Asian carp goes from water to dog dishes

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The new Wilder Harrier dog food that includes Asian Carp. Image: Wilder Harrier

By Lea Mitchell

Wilder Harrier, a Canadian pet food company, is using another unlikely alternative protein source to have a low environmental impact, yet a nutritious meal for dogs.

On Nov. 2, the Montreal-based company released a new dog food formula that includes Asian carp, an invasive species in both the United States and Canadian waterways.

Philippe Poirier, a co-founder of Wilder Harrier, said the company started experimenting with adding Asian carp into the food a year ago because it saw the environmental threats the fish posed.

“We use insect and plant protein, which releases less greenhouse gases [than meat], but we knew there was more we could do for the environment. More recently we started looking at invasive species because they are harming the local ecosystem and killing off native fish populations,” he said.

There are four species of invasive Asian carp – grass carp, bighead carp, silver carp and black carp. Each impacts wildlife differently.

Rebecca Schroeder, the Asian carp manager at the Invasive Species Centre in Sault Ste. Marie, Ontario, said, “Asian carp pose significant threats to the Great Lakes ecologically and economically. They grow very large, very quickly and have huge appetites to match. They would easily outcompete native species for food and habitat and negatively impact water quality.”

The four different species of Asian Carp Image: Watershed Council

These carp have been a problem in the U.S. since the 1970s and have gradually spread from Asia. There are no current established populations known to live in Canadian waters around the Great Lakes, but juvenile grass carp were caught recently in the Sandusky River in Ohio, which empties into Lake Erie, the Invasive Species Centre said.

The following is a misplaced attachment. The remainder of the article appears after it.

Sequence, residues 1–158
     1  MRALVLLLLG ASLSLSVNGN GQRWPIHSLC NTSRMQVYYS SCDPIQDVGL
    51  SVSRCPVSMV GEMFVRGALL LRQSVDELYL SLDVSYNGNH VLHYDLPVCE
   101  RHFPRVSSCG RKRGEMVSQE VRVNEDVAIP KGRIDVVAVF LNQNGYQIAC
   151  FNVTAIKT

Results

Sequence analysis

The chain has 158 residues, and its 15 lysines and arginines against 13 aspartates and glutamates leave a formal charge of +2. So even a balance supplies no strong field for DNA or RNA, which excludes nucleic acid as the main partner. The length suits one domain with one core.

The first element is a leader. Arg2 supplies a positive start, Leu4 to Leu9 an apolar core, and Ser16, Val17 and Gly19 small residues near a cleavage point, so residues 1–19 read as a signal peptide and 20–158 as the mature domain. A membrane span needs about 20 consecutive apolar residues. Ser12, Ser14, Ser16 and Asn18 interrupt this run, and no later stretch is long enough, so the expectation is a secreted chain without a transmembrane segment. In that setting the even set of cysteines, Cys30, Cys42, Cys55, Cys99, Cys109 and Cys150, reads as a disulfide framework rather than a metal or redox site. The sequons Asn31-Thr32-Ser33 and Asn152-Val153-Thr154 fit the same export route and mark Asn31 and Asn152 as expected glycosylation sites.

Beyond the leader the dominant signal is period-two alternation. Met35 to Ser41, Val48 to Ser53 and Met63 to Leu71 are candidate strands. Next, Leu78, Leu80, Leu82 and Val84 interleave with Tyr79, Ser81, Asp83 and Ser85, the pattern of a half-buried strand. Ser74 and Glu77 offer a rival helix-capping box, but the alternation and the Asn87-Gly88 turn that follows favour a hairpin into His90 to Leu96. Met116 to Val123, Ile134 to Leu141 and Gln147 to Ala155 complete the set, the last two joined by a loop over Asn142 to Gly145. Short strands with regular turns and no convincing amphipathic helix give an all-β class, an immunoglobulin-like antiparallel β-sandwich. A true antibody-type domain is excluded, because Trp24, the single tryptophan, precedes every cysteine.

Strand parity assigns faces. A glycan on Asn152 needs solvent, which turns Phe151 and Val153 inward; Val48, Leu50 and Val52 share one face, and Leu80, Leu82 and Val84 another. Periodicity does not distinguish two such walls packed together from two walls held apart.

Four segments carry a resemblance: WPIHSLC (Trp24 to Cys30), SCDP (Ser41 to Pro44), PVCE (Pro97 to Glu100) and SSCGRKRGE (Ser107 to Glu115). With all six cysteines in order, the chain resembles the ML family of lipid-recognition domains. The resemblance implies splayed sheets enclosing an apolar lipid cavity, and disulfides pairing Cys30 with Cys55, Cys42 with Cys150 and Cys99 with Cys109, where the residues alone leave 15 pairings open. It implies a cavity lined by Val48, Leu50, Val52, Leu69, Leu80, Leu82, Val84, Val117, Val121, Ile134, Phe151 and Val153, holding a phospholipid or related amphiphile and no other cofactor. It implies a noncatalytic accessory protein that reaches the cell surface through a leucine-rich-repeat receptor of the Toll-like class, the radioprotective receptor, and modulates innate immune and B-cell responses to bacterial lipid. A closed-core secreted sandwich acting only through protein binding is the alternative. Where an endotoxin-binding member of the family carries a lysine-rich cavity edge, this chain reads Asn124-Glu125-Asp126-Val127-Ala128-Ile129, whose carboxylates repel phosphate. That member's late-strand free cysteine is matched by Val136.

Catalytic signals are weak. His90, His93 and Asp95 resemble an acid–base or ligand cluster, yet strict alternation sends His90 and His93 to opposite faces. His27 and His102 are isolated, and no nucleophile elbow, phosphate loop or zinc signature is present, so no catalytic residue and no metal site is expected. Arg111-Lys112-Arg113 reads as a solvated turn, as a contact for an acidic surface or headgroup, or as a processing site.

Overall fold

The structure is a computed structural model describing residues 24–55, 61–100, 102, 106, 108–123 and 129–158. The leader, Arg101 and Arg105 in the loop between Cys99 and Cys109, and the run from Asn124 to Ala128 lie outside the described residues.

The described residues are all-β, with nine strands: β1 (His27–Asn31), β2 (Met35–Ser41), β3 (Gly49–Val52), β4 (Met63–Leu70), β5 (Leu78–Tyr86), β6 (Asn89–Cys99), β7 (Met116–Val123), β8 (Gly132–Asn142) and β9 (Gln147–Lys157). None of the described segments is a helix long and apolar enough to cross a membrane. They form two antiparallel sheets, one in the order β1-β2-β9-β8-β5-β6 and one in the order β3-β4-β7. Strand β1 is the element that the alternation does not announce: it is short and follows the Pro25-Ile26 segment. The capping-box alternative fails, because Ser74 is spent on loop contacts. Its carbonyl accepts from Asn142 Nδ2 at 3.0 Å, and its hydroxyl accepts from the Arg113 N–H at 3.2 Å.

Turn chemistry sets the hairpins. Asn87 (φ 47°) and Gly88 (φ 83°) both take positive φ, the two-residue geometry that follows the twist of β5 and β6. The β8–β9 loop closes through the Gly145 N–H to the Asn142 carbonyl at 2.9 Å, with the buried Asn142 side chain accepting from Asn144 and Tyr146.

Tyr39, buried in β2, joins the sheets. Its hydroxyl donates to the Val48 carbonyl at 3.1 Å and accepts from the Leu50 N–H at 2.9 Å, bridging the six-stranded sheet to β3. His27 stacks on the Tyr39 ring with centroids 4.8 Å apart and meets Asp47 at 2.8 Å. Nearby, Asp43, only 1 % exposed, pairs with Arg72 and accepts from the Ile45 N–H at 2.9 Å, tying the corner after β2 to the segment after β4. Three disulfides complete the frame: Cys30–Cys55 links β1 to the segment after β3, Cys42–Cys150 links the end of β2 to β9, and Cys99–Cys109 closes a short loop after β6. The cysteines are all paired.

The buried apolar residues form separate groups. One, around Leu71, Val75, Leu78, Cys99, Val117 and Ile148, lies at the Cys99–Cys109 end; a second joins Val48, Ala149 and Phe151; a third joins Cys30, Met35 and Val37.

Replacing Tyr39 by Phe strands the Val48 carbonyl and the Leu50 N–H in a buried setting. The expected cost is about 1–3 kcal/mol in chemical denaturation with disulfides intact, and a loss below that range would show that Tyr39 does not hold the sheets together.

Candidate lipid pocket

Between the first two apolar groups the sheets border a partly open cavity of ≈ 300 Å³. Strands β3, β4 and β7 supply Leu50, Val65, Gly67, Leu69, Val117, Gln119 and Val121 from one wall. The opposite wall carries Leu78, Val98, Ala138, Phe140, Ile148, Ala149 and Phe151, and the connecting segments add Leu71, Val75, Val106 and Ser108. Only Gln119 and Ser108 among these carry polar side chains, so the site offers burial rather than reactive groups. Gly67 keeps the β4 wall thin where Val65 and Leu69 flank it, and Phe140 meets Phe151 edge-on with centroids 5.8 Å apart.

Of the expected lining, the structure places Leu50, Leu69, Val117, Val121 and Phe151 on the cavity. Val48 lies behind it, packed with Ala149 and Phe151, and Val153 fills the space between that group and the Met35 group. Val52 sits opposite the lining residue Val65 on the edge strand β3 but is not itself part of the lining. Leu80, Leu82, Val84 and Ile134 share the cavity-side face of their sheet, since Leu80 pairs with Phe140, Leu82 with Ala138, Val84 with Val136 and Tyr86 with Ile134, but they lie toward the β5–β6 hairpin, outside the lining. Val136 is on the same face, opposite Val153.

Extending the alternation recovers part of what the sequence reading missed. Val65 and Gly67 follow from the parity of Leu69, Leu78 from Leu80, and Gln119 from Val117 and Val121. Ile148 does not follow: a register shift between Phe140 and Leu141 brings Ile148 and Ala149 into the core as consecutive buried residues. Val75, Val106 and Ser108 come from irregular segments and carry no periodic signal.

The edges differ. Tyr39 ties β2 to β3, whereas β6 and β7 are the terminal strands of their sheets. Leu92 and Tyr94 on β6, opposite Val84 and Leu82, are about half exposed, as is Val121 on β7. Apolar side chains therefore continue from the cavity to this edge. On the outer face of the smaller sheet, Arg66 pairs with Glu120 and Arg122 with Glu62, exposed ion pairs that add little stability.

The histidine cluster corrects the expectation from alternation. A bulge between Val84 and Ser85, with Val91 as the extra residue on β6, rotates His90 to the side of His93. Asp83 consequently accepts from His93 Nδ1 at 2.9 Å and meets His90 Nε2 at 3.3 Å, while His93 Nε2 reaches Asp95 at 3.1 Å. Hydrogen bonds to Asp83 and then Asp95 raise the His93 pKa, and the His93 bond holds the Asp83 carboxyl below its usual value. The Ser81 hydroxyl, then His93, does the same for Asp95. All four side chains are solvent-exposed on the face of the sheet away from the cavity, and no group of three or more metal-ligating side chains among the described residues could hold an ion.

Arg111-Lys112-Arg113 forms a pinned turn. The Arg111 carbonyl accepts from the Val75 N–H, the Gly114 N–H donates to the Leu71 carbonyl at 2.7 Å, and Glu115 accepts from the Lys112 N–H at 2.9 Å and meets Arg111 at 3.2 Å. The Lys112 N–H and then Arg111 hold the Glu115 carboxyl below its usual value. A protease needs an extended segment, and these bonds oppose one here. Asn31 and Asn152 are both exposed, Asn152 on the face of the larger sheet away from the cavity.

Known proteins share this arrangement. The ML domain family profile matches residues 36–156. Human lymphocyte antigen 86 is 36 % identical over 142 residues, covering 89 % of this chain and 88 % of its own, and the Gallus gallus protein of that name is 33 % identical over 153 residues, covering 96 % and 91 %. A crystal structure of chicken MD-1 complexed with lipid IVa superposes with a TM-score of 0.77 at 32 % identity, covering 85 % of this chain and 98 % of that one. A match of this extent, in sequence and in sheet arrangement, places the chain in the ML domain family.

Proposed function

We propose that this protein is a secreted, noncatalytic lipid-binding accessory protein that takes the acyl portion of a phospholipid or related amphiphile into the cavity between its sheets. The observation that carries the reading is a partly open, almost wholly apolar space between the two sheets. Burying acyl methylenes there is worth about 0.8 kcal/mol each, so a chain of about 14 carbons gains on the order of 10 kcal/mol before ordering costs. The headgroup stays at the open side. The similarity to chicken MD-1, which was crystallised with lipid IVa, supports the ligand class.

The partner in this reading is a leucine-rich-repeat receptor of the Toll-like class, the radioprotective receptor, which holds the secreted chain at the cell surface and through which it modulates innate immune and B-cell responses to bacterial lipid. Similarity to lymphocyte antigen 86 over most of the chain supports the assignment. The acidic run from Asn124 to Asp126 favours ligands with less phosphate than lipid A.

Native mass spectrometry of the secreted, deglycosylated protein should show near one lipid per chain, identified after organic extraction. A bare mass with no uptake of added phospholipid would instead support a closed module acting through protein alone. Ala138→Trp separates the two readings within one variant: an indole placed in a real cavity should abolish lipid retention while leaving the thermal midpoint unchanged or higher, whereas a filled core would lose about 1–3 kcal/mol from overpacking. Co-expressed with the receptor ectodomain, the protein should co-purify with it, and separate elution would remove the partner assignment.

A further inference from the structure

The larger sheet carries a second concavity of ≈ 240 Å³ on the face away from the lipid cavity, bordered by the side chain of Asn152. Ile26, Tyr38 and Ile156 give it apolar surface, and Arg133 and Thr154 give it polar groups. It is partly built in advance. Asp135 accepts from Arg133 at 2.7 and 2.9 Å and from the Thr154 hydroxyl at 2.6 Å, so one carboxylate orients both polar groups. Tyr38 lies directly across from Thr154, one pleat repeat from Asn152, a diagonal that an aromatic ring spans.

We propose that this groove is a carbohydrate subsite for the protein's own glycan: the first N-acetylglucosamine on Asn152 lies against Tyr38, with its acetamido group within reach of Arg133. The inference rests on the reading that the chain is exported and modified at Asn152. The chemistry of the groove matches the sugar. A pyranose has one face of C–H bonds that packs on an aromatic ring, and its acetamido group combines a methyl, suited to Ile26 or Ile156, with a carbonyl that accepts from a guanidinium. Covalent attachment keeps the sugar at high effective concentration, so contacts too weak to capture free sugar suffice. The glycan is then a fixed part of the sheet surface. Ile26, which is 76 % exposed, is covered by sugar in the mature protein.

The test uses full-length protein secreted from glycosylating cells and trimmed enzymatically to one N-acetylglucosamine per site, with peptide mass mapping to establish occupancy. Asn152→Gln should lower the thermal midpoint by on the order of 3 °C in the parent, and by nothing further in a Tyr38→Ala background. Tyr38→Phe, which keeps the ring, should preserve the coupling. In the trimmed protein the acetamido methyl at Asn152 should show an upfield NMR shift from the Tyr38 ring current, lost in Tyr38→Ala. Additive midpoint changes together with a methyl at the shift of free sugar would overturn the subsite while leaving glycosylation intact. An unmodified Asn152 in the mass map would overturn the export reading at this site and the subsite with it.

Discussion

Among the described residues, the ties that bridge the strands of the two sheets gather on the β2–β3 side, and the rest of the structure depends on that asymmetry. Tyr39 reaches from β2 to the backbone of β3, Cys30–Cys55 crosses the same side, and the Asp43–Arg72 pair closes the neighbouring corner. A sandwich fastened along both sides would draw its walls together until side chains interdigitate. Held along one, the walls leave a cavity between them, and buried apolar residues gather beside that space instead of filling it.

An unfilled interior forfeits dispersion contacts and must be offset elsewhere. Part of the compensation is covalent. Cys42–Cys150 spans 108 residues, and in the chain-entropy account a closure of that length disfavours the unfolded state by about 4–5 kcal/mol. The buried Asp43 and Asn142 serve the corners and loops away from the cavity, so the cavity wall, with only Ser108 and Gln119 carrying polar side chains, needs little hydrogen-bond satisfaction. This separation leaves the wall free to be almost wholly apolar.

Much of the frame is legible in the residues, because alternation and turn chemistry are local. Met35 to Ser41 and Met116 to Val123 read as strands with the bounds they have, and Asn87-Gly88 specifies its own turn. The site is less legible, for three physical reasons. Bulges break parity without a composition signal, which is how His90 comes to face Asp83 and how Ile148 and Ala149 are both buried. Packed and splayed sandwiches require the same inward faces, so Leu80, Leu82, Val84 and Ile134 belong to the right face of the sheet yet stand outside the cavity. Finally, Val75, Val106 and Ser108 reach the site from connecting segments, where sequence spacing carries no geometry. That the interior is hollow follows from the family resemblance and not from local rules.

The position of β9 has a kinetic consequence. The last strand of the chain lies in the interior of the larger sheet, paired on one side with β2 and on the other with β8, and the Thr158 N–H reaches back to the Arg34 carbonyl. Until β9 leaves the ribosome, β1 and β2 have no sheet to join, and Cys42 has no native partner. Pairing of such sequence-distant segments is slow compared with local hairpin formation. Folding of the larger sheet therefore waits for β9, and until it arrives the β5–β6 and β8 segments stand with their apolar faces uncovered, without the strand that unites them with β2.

According to Schroeder, silver and bighead carp have been steadily outcompeting native fish in the Mississippi River and in the lakes and tributaries that feed it.

“They are voracious eaters, able to consume 5% to 20% of their body weight each day, leaving far less of the microscopic plant and animal life (phytoplankton and zooplankton) to support native fish,” she said.

Grass carp consume mostly aquatic plants, and their foraging disturbs lake and river bottoms while destroying wetlands.

“Their foraging results in increased murkiness of the water, making it more difficult for other fish to find food, and the destruction of aquatic life leaves native juvenile fish without adequate cover from predators and without spawning habitats,” Schroeder said.

As for black carp, they consume mollusks and threaten their already-stressed population.

These ecological impacts could result in economic damage to recreational fishing, commercial fishing, recreational boating, waterfront use and wildlife viewing, Schroeder said.

In an effort to prevent those damages, Wilder Harrier partnered with American commercial fishing clubs in Illinois to supply carp for its dog food. The method of fishing used is small boats with a few fishers to avoid taking any native or indigenous fish.

The fish are then transported to Montreal for production of dog food.

There’s not much of a North American market for Asian carp as food for people.

“It has a lot of small bones, so it can’t be filleted like other fish,” Poirier said.

The company sells its new dog food online and in Canadian stores.

Poirier said it has customers from the U.S. who purchase its products online, but the dog food hasn’t made its way into American stores yet.

He said the company isn’t stopping at dog food, but plans on adding a cat food line.

“We are actively working to introduce this to cats because Asian carp offers high protein benefits,” Poirier said.

Its non-carp products are the same price as those with carp.

Poirier said he hopes such efforts will inspire other companies to join the fight, because his company can’t solve the growing problem alone.

“The sole purpose for this company wasn’t to add another dog food company to the market, but how to tackle food supply challenges while helping threatened ecosystems,” he said.

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